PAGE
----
Skateistan has not only brought change to the kids of Kabul and more recently Mazar-e-Sharif, it has brought a whole new sport and culture to a country buckling under the burden of almost three decades of brutal wars. Today, as Merza skates down Butcher’s Street in central Kabul, weaving past clucking hens, open-air hanging carcasses and cages of livestock, many Afghans from older generations stare out from under their cotton turbans, their eyes suspicious of the four-wheeled device. “People keep looking at our shoes and boards in a weird way,” says Merza,
laughing, “they think that they are attached to the boards through some sort of magnetic field.”
It’s no surprise they regard the contraption with such suspicion – Skateistan founder Oliver Percovich was the first man to bring the infamous street board to Afghanistan, a country that had culturally stood still at a time when the sport was gaining popularity during the 1990s.
“The thing that’s really interesting about skateboarding in Afghanistan is that no one has ever seen it before,” says Alix, “and no one has really heard of it. You have the stereotypes that come along with skateboarding in the UK and the States but none of that exists here because no one has any idea what it is.”
She is quick to reiterate, however, that the sometimes-negative connotations that can be aligned with the street sport have not piggybacked their mission into Afghanistan.
“We don’t want to bring the skating culture to Afghanistan, we want the kids here to make it something that is their own. We don’t show skate videos or skate magazines, we just have kids doing their own thing with these boards and figuring it out themselves…We have international staff here who are skateboarders who can show them the different techniques but we aren’t here to bring over the Americanised culture of skateboarding. We let them own the direction in which they take the sport.”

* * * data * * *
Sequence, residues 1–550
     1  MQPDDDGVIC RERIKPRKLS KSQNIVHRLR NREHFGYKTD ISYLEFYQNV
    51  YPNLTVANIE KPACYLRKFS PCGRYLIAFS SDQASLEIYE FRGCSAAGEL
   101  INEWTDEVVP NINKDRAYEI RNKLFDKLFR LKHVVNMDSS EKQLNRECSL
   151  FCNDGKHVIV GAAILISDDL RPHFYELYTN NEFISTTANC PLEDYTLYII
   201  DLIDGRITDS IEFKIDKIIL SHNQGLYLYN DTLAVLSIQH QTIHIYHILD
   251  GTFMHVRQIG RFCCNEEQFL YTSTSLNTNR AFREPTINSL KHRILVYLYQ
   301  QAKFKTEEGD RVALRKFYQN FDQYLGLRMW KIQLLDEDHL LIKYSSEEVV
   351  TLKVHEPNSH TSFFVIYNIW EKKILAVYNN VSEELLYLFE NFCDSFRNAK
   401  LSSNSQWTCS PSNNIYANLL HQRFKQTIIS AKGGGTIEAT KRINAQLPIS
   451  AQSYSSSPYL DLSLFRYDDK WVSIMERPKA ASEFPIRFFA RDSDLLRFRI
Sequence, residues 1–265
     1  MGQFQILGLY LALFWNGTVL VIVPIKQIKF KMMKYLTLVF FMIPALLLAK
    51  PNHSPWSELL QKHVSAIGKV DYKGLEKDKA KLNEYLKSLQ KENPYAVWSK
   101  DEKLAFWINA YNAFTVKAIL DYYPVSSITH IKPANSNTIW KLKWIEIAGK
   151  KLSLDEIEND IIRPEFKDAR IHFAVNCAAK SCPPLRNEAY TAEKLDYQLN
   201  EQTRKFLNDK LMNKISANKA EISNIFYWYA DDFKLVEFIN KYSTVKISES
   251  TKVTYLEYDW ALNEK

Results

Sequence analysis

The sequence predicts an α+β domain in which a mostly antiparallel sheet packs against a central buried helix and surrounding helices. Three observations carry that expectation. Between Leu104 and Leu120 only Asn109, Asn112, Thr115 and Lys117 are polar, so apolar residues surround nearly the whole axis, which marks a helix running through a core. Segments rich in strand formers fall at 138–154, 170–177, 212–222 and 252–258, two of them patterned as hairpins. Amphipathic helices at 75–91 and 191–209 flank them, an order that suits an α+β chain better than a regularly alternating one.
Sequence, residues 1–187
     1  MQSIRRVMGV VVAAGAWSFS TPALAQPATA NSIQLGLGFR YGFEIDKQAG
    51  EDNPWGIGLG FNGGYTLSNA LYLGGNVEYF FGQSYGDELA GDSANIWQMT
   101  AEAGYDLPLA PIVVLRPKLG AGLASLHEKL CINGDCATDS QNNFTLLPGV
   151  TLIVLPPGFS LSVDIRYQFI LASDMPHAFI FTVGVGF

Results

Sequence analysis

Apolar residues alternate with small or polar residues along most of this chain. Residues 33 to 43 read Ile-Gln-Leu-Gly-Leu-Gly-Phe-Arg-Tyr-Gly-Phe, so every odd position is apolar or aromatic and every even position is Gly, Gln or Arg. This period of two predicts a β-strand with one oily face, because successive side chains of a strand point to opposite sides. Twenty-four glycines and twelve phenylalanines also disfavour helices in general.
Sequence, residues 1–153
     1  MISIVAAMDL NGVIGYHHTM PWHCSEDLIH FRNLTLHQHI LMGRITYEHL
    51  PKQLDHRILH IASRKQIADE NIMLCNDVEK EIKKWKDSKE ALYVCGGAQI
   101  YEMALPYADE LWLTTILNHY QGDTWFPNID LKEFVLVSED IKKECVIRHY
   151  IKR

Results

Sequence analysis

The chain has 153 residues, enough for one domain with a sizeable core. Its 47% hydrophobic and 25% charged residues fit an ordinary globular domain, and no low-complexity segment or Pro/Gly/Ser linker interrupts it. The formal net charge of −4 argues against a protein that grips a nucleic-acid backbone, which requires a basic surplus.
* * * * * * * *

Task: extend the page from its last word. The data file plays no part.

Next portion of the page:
And ownership is key to the success with which Skateistan has immersed itself into daily Afghan life. It has been seven years since its founder first dropped his board on Afghan soil and five years since the Olympic-approved facility opened its doors to the youths of Kabul. Despite turbulent times and tribal disparities that still course through the veins of the country, Skateistan has managed to remain a safe haven for the youth.
“Security is an obvious challenge in Afghanistan,” says Alix, “but we have been able to manage this by maintaining good relations with all of our local stakeholders, beneficiaries, the Olympic committee, local mullahs and the students’ families, and always ensuring that we are delivering our project in a culturally sensitive and appropriate way.”
She adds, “having [local] people who know the country and know the project to be taking ownership makes sense and it is more sustainable. It doesn’t make sense to be sending foreigners to Afghanistan for the rest of time. I don’t have the skills that an Afghan has, my Dari will never be as good as an Afghan’s and [Skateistan] is not just a message coming from the headquarters in Berlin saying ‘This is how it’s going to be done’.”
So today the Skateistan facility in Kabul is entirely managed and run by local Afghan staff and volunteers, 70 per cent of which are former students. Merza, now 21 and one of the oldest Skateistan members, is today the Kabul facility’s sports coordinator. He is the first Afghan skate instructor, is recognised as one of the country’s best skateboarders, and is widely regarded as a national hero for the young aspiring Afghan skaters.
Aside from promoting skateboarding, education and the equal rights of boys and girls in Afghanistan, from a young age Merza has carried a belief in positive change for his country.
“We the people of Afghanistan must unite to rebuild the country,” he says. “I don’t want war anymore.” Merza is just one shining example of the difference Skateistan is making to the hundreds of children who walk through its doors every week. Last year 14-yearold long-time Skateistan member Medina was selected as a representative for the Children’s Assembly in Afghan Parliament, presenting on key issues identified by children from nine provinces. The many success stories are a reflection of the valiant efforts of a young skateboarder from the States back in 2007. Now, thanks to Skateistan, no dream is too big for the once street-selling kids of Kabul.
‘We aren’t here to bring the Americanised culture of skateboarding. We let the mown the sport’
If you would like to know more about Skateistan or help in any way visit www. skateistan.org
The sport has helped overcome social barriers in the country
Skateistan has helped empower girls such as Fazilla andWahila
Children are educated on topics ranging from art to leadership
40 per cent of its members are girls